There is more snow on the slopes and more skiers are using it. There are also more rooms being rented, more skis being sold, more people in parkas and more absences from school and work on bright, sunny days.
Utah skiing is back to normal.To put it in perspective, it means that by eastern standards this year is fantastic; by western measures it's at least as good as everywhere else; by last year's showing it's much, much better; but truthfully, by Utah standards, it's just a good old average ski season.
After two years of sub-par skiing, locals tend to forget just how good skiing can be in Utah. The past two ski seasons were not good. Resorts opened late both years, had below average snowfall and then closed early. The 1985-86 season was good, but it was the 1984-85 year that resort owners remember. It was the record. More than 2.5 million tickets were sold that year.
This year the snow came early, and fell regularly, and good numbers of out-of-town visitors have come in to take advantage of it.
All 15 of Utah's ski areas are showing better business than last year. One report said that as a state, there have been 25 percent more skiers on the slopes this year over last. Last year, skiers will remember, was one of Utah's worst.
This year is more typical of Utah skiing. Most areas report tickets sales running about average for a good year, like the record year of '84-'85.
Even total snowfall, as good as it has been, is only average.
The 40-year average at Alta, Utah's deepest measuring stick, is 326 inches of total snowfall by this date. According to new general manger Onno Wieringa, total snowfall as of this week is 326 inches.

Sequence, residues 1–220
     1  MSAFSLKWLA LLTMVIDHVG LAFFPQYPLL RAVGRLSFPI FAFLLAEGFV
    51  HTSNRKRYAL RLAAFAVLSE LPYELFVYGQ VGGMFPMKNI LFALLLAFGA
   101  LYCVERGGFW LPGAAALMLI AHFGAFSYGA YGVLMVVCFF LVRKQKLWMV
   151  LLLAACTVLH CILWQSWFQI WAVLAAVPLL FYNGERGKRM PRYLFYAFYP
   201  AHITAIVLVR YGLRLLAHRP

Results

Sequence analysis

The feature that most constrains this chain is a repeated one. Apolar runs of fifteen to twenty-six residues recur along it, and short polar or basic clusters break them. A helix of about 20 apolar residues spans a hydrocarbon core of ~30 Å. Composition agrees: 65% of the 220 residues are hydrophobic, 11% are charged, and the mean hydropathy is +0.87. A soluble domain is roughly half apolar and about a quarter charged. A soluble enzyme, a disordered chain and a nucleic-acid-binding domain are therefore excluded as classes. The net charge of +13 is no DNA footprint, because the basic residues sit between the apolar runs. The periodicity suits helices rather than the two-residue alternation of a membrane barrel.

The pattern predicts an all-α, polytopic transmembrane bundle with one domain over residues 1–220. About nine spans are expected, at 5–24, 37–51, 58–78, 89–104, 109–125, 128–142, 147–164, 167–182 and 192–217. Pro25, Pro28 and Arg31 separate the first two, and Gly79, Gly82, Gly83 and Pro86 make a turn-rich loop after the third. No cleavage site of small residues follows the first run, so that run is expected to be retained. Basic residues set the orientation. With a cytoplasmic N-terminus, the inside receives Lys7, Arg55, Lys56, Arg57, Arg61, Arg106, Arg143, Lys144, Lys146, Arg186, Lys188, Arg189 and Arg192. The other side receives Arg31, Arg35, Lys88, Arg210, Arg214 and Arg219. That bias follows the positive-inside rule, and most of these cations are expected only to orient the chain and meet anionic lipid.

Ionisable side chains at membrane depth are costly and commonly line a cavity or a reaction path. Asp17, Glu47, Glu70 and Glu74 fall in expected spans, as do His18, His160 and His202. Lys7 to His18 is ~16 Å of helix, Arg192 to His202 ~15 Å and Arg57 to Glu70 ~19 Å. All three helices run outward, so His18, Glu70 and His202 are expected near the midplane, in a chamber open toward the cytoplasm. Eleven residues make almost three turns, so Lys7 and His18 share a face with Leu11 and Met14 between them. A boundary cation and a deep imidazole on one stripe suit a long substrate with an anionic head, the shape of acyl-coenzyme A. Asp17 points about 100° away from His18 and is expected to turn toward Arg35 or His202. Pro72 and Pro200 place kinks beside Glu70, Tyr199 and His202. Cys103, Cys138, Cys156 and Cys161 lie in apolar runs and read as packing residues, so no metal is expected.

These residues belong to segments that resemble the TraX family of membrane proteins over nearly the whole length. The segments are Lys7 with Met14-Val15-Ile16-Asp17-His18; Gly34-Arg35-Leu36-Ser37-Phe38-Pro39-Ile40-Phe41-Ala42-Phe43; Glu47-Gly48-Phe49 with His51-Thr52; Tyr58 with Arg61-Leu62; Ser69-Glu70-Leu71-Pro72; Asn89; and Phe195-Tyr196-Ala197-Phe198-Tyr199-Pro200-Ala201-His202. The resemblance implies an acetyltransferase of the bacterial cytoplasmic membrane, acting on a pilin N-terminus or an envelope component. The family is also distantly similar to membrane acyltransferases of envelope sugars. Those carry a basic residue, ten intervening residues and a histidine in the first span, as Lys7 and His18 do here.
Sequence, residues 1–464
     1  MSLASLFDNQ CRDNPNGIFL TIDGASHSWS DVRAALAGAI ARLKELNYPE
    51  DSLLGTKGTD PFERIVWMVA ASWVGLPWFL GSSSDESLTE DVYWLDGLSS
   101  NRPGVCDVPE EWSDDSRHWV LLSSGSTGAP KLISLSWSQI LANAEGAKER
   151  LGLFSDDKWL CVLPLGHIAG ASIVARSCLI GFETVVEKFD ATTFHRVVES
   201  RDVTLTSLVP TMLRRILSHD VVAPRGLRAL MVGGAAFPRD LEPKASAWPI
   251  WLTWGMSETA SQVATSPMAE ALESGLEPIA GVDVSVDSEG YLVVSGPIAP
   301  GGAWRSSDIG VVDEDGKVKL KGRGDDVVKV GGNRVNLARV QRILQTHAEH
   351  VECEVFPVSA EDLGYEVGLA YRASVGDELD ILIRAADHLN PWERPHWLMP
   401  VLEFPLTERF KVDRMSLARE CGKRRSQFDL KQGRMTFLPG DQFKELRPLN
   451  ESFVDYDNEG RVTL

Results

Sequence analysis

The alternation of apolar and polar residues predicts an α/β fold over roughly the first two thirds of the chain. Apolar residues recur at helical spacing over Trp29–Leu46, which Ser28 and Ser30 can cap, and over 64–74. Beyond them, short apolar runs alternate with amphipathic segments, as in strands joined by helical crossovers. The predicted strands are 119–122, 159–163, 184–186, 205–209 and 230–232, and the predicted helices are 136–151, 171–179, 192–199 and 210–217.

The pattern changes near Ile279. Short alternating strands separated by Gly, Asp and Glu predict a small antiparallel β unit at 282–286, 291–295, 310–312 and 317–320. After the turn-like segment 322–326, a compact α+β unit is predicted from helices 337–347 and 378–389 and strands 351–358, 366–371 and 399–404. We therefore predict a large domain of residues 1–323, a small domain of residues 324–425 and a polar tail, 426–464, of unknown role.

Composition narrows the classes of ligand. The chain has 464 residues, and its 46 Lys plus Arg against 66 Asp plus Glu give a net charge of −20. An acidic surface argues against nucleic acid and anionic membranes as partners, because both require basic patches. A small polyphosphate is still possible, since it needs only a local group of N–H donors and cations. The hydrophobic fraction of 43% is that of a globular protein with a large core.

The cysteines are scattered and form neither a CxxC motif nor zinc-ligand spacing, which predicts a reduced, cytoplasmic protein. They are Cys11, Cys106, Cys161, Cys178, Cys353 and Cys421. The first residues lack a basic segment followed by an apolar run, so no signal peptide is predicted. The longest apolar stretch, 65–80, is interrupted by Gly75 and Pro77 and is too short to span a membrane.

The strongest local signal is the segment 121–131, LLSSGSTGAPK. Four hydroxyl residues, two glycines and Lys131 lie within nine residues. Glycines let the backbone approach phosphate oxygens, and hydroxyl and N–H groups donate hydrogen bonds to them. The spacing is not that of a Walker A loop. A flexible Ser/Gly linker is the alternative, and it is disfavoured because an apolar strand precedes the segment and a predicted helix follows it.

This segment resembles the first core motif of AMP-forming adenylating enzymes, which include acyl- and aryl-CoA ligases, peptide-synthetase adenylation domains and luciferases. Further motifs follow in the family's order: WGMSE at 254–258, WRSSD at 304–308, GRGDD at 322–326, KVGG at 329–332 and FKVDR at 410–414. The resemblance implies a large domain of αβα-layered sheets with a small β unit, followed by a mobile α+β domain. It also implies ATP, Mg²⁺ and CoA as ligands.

"This is," he said, summing up his season thus far, "an average year for us. But, you've got to remember that for Utah that's great by other standards."
Mary Jane Spencer, director of communications at Snowbird, said ticket sales are about seven percent ahead of last year, "and about where they were on our very best year ('84-'85)."
Mike Goar, vice president of mountain operations at Solitude, said his area was running "about average for a good year, pretty close to what we should be doing in a good year."
Robbie Beck, director of marketing at Park City, said ticket sales are way up over last year, "but last year was one of our worst. I'd say right now we're running a little ahead of a good average year."
There are some other differences between last season and this year. Skiers who skied the last two weeks in February may have noticed it most. That is, at most areas crowds have been steady, but not annoyingly large. Skiers seem to be more spread out this year.
Goar noted that at Solitude there hasn't been "the big peak days that we used to have. Even on Presidents' Day, lines weren't that long. I think the longest was about 15 minutes. It seems to me that the bigger days are smaller this year, and the smaller days are bigger."
Wieringa offered a similar explanation.
"What's really nice is we're not crowded. The people are spread out. We're not getting the big, crowded days. Also, we're having a nice long season. We opened when we should have and will stay open with good snow until the end of April."
Beck said she believes part of this is because of the changing patterns of skiers. Out-of-town skiers, she noted, are coming in for more, but shorter, vacations.
"Instead of one seven-day ski trip, they're coming in twice a season for three- or four-day trips. And, they're taking advantage of discount fares early in the week."
Another difference this year is the snow. It has been, as one avid skier said, "consistently the best I've ever skied."
Because of continued cold temperatures, the snow has been lighter and stayed that way longer. There hasn't been the hard, icy skiing that skiers have had to contend with the past two years.
Also, as Spencer pointed out, local skiers are learning that when inversions settle in over the valley, it's time to go skiing in the hills where its always sunny and almost always warmer.